10 Big News Stories
These are 10 big news stories since Independence.
1. ISLANDWIDE STRIKE
The largest industrial strike in Jamaica's post-Independence history took place in 1986. All major trade unions, including the Bustamante Industrial Trade Union (BITU), under the leadership of former leader Hugh Lawson Shearer, took part in the strike.
The BITU later withdrew from the strike, but industrial action continued. It was not a riot, and there was no bloodshed whatsoever. No roadblocks were mounted, and people stayed home, so there was no need for the security forces to be called out.
2. 1997 - REGGAE BOYZ QUALIFY FOR WORLD CUP
Jamaica made history when its football team, the Reggae Boyz, qualified for the 1998 World Cup in France. Jamaica became the first English-speaking Caribbean nation to qualify for the World Cup finals on November 16, 1997 - the day the Reggae Boyz drew 0-0 with Mexico at 'The Office'.
Immediately following Jamaica's qualification, then Prime Minister P.J. Patterson declared a public holiday for November 17. Jamaica also made a commemorative Reggae Ball for $9 million. Jamaica, who were placed in Group H of the World Cup, finished 22nd out of 32 teams.
3. 2008 - USAIN BOLT'S WORLD-RECORD RUNS AT BEIJING OLYMPICS
At the 2008 Beijing Summer Olympics, the world's greatest sprinter and fastest man, Usain Bolt, set the world's first triple world records at any Olympics in the 100m and 200m sprints, and 4x100m relay. He won the 100m sprint in 9.69 seconds; the 200m in 19.30 seconds; and along with teammates Nesta Carter, Michael Frater, and Asafa Powell, the 4x100m relay in 37.10 seconds. Bolt remains the reigning Olympic champion in these three track and field events.
4. 1978 - GREEN BAY MASSACRE
On January 5, 1978, a covert operation allegedly carried out by special forces in the Jamaica Defence Force (JDF) resulted in what is known as the Green Bay Massacre. Reports are that with the promise of guns and jobs in the military if they co-operated with the Government, 14 men were lured into an ambush at the Green Bay Firing Range in St Catherine, allegedly by members of the Military Intelligence Unit. Five of the men were killed, and the remainder fled to nearby bushes. At least one entered the bay and was rescued by a passing fishing boat. The men were all from the Jamaica Labour Party stronghold of Southside in central Kingston. An official report from the JDF said the men were shot dead after they were surprised by soldiers doing target practice at the JDF firing range.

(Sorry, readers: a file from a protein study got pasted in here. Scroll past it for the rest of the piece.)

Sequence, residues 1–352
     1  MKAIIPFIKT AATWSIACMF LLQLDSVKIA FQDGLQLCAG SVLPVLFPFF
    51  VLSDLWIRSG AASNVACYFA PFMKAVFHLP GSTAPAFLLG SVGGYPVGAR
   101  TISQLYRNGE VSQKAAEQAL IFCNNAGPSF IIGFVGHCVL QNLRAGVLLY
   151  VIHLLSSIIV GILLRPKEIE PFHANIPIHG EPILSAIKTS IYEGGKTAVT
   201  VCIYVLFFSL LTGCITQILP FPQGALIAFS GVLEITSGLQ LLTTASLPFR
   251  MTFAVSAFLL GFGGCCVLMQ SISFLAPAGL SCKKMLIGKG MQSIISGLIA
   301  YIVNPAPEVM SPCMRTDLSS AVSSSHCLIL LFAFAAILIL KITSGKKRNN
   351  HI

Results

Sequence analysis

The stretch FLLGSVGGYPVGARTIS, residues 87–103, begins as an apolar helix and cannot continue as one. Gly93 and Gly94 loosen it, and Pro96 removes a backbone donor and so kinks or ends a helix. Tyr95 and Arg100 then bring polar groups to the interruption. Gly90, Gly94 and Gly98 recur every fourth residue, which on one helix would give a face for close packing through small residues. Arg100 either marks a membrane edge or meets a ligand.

5. 1976 - STATE OF EMERGENCY
In January 1976, in anticipation of the upcoming general election, violence flared in sections of Jamaica. To stem the violent uproars, a state of emergency was declared by then Prime Minister Michael Manley in June. Five hundred persons, including some prominent members of the opposition Jamaica Labour Party, were accused of trying to overthrow the Government and were detained, without charges, in a specially created prison at the Up Park Camp military headquarters in St Andrew.
The election was held on December 15 while the state of emergency was still in effect. The People's National Party won the election.
The state of emergency lasted for one year, ending in June 1977. Extraordinary powers granted to the police by the Suppression of Crime Act of 1974 continued to the end of the 1980s.
6. 1980 - GENERAL ELECTIONS